Wednesday, March 20, 2024

We know how to make rent affordable: crush landlords

In question time today, Housing Minister Chris Bishop, in response to questions about the Kāinga Ora waitlist, said that the government's policy goal was to “get rent affordability better under control”. He seemed to think this was a matter of everyone but Kāinga ora building houses, plus of course the (bullshit) trickle-down effect from giving huge tax cuts to landlords. But an article in the Guardian last night on the UK's housing crisis shows that the policy solutions to high rents are known and tested:

In the 1970s, when [Tory MP Edward] Leigh’s contemporaries were buying their first homes, they were the direct beneficiaries of an imploding private rental market. Rent controls, secure tenancies and high interest rates had conspired to decimate the sector: it shrank from nearly 60% of dwellings in England and Wales in 1939 to just 9% in 1988, towards the end of Margaret Thatcher’s premiership. This was welcomed by Conservative governments and Labour councils alike: the former rejoiced that rack-renting landlords were having to sell up to new owner-occupiers, while the latter enthusiastically repurposed existing private lets into new social housing stock.
Of course, it was Margaret Thatcher who fucked this up, with policies designed to ensure that "the letting of private property will again become an economic proposition". That went against the past 50 years of political consensus, that it should not be an economic proposition, founded on solid evidence that it led to nasty, squalid, and over-priced housing as landlords sought to maximise their profits.

We need such a consensus here. Or at least, a left-wing coalition committed to the eradication of landlords. And we know how to do it: tax and regulate the shit out of them. Tax land and vacant property. Control rents, make tenancies secure, and require them to be decent. When landlords sell up, tax their capital gains, and use the money to fund an expansion of Kāinga Ora and council housing to outcompete the private sector. We shouldn't pursue the traditional solution of hanging landlords from lampposts, but we should absolutely do the economic equivalent to drive them out of business.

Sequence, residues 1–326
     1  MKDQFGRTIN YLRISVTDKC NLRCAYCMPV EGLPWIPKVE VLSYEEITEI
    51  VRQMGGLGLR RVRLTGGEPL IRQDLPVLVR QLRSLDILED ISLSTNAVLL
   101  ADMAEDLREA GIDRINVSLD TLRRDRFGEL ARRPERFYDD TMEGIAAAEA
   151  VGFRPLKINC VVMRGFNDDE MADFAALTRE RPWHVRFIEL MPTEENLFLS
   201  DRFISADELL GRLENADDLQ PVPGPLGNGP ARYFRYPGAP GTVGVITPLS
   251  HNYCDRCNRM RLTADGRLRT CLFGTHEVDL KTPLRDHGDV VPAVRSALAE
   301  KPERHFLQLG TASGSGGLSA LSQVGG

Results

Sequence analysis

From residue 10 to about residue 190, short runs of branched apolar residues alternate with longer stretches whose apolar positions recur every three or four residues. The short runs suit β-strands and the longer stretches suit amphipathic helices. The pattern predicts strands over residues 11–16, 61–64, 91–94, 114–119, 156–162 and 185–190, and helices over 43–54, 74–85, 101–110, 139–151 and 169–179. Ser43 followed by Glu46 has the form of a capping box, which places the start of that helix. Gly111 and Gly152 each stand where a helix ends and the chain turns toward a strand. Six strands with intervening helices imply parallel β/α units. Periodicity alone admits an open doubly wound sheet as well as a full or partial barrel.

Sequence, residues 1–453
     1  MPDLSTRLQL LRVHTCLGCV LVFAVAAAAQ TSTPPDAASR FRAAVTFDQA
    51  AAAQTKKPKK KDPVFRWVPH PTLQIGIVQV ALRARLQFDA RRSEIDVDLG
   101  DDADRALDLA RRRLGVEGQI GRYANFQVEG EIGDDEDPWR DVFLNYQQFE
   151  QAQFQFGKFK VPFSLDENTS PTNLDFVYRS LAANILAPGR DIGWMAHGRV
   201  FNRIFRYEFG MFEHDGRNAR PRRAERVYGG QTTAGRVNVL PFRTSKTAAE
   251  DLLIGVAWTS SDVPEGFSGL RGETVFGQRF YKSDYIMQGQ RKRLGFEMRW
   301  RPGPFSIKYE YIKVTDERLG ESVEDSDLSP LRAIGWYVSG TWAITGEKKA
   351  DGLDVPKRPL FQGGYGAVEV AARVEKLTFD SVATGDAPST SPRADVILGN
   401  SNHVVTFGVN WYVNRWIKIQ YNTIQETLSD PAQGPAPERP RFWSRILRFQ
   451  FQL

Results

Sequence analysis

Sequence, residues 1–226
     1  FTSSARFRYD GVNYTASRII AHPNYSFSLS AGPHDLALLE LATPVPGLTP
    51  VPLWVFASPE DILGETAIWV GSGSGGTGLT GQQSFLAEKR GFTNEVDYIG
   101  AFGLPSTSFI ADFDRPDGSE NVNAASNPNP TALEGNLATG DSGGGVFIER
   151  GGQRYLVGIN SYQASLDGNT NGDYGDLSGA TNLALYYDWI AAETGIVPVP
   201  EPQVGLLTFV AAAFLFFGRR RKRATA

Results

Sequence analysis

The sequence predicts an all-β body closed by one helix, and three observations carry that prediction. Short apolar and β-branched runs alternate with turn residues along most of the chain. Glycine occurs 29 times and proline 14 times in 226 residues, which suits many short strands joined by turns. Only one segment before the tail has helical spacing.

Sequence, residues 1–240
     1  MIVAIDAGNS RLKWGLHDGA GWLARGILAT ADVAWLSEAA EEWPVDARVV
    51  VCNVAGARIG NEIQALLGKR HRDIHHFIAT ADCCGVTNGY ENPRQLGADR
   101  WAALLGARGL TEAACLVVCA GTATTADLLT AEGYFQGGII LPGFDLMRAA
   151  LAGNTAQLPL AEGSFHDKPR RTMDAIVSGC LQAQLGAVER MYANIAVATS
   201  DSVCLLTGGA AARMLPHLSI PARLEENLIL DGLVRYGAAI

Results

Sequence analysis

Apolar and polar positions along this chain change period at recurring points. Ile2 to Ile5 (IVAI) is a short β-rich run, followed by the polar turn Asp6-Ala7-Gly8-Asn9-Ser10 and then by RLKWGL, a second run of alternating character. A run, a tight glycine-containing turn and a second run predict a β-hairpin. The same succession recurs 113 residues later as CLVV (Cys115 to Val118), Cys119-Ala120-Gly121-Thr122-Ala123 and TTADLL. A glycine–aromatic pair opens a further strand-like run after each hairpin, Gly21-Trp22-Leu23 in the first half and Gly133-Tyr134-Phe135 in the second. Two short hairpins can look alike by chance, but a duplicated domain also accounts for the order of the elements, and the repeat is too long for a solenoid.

The Guardian article notes that one of the few things that Adam Smith and Karl Marx agreed on was that landlords are bad, a complete economic dead-weight. It goes on:

Even if we leave aside the appalling conditions and precarity that private renters face, anyone with an interest in lower taxes, lower wage bills and increasing the number of first-time buyers must equally be interested in smashing the private rented sector to bits. Homebuyers are now forced to compete with landlords, who chase sensational yields in our unregulated rental market, and £85.6bn a year (which comes, of course, from wages and taxes) is wasted on rent. A renewed collapse of landlordism would represent not just the tenants’ revenge for the housing crisis, but a much broader and more valuable moment of social progress.
Obviously, I disagree with the "reduce rent so we can pay people less" line; instead I'd argue that reducing rent would be a huge way to improve living standards, moderate the cost-of-living crisis, and lift people out of poverty. That is something the National Party claims to be interested in; it is certainly something the Labour Party should be (the Greens and Te Pāti Māori, representing groups who overwhelmingly pay rent, already are). The question is, why do the major parties continue to ignore the known solutions, in favour of handouts to landlords and tinkering around the edges? Is it because their MPs own too many houses themselves...?